Eagle-eyed fans and obsessives may have noticed that Flames tried on a couple other titles before going to print.

The book had the working title of All the Beauty You Will Ever Need, but that was also the title of one of the stories, and Sedaris didn’t think it really captured the feeling he wanted to convey. He then changed it to Indefinite Leave to Remain, which came from the green card he recently received that allows him to stay in England.

“But then when I’d tell people that was the name of the book, they’d just blink,” he says. “It wasn’t really the reaction I’d hoped for.”

He found the title he was looking for in Japan. During an extended stay there, he visited Hiroshima. “In my room, there was a booklet called Best Knowledge of Disaster Damage Prevention and Favors to Ask of You. It was broken into three little chapters: ‘When You Check in a Hotel,’ ‘When You Find a Fire’ and ‘When You Are Engulfed in Flames.’ ” Sedaris laughed and made a note of the phrase “When You Are Engulfed in Flames” in Japan, but it never occurred to him at the time that it could be the title of his next book. The title is unintentionally appropriate, he says, since fire appears in many of the book’s essays.

“If you poisoned me, the benefit is that I would be dead, but you wouldn’t get much on top of it. You wouldn’t get a lot of glory. It’s not like poisoning the president or anybody fun, really.”

David Sedaris

The title of his most recent book came to his boyfriend Hugh in a dream. In it, he passed by a house and he saw a man reading a book called Dress Your Family in Corduroy and Denim. “When he told me that, I thought, ‘That’s my book that man is reading.’ It was also an opportunity for me to hear the title of my book the way other people would. I’d never heard words in that combination in my life, especially in the context of it being a book title.”

An avid note-taker, Sedaris has kept a diary for 30 years and keeps a pad in his pocket to write down notes before transcribing them to his diary. “Today not much is happening,” he says matter-of-factly. “There are days when I feel like I’ve really got something and it’s something I can use for a story, and then there are days that are just boring,” he says, citing a trip to the London Apple store as an example.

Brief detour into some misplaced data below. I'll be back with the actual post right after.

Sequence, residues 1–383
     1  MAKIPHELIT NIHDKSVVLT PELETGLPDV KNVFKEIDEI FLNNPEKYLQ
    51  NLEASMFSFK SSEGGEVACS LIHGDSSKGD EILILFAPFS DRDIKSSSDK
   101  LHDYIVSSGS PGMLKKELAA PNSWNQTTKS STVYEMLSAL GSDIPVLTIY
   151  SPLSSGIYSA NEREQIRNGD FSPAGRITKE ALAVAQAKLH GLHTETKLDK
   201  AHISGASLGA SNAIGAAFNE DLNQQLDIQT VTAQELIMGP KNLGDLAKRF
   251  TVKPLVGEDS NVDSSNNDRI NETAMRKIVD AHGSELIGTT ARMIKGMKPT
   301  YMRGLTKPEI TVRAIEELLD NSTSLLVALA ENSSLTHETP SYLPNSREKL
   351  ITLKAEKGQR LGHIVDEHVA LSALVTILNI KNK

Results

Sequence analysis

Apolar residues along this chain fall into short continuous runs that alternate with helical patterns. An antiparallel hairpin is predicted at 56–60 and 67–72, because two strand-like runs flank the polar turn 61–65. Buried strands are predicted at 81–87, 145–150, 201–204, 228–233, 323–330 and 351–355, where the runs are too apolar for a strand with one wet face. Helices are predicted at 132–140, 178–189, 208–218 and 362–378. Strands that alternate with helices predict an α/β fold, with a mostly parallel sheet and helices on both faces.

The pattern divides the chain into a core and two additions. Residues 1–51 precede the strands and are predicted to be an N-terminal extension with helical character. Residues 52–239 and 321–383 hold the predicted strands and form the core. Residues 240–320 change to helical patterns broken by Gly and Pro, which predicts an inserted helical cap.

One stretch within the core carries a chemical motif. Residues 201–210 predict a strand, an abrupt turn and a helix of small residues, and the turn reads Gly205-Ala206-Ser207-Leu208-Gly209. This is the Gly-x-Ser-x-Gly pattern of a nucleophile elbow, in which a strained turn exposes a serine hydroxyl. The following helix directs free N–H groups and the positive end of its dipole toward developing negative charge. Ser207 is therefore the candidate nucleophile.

He’d gone there to get some work done on his computer when his mind began to wander. “I was there at the Genius Bar and the guy was explaining how to do things and my mind was just a thousand miles away. I was wondering if his bed was made and what part of town he lives in. The alternative was to concentrate on what he was talking about, which was just too boring.”

Is Sedaris one of those people who likes to sit and make up stories about total strangers he sees in coffee shops or airports?

“I used to, and I think like most people, I’ve wondered about people,” he says. “But now you just follow them until their cell phone rings and you usually find out all you need to know.”

Sedaris, who doesn’t own a cell phone, cites a run-in on a London bus as the perfect example.

“I was on the bus and there was a man on a cell phone behind me, and he was talking about a woman in his office. He said, ‘Just get her out of the office. I don’t care what excuse you have to make up. I need access to her computer for an hour and I’ll find out what needs to be found out.’ ”

Thinking he was eavesdropping on a detective, Sedaris leaned in closer. “Then he started talking about the Russiansthat he knew someone from the KGB. You couldn’t help but listen to this guy. And then of course you want to look at him because you think he’s going to look like whatever you think a spy is supposed to look like. And then I thought, maybe he’s just screwing with everybody. He was really putting together a mental picture, and I could tell the guy next to me was listening also. We had a little eye contact, like, Is this guy really a spy?

Sedaris finally got his chance to check out the alleged spy when he stood and stole a look before getting off at his stop. He was disappointed. “You wouldn’t look at him twice. He was just a nondescript slob.”